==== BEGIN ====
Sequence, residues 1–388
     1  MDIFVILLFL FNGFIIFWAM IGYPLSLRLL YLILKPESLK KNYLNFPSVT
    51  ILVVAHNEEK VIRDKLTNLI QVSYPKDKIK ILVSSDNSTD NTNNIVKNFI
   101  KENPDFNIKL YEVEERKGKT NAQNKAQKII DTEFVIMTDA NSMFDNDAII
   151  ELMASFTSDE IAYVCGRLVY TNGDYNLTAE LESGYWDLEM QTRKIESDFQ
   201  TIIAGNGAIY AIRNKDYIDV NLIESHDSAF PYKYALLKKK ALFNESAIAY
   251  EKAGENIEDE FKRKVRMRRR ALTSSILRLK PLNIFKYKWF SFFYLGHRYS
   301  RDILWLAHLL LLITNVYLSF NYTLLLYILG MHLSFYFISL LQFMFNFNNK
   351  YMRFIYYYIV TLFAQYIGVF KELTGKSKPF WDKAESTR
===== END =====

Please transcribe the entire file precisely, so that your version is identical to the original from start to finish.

Sequence, residues 1–388
     1  MDIFVILLFL FNGFIIFWAM IGYPLSLRLL YLILKPESLK KNYLNFPSVT
    51  ILVVAHNEEK VIRDKLTNLI QVSYPKDKIK ILVSSDNSTD NTNNIVKNFI
   101  KENPDFNIKL YEVEERKGKT NAQNKAQKII DTEFVIMTDA NSMFDNDAII
   151  ELMASFTSDE IAYVCGRLVY TNGDYNLTAE LESGYWDLEM QTRKIESDFQ
   201  TIIAGNGAIY AIRNKDYIDV NLIESHDSAF PYKYALLKKK ALFNESAIAY
   251  EKAGENIEDE FKRKVRMRRR ALTSSILRLK PLNIFKYKWF SFFYLGHRYS
   301  RDILWLAHLL LLITNVYLSF NYTLLLYILG MHLSFYFISL LQFMFNFNNK
   351  YMRFIYYYIV TLFAQYIGVF KELTGKSKPF WDKAESTR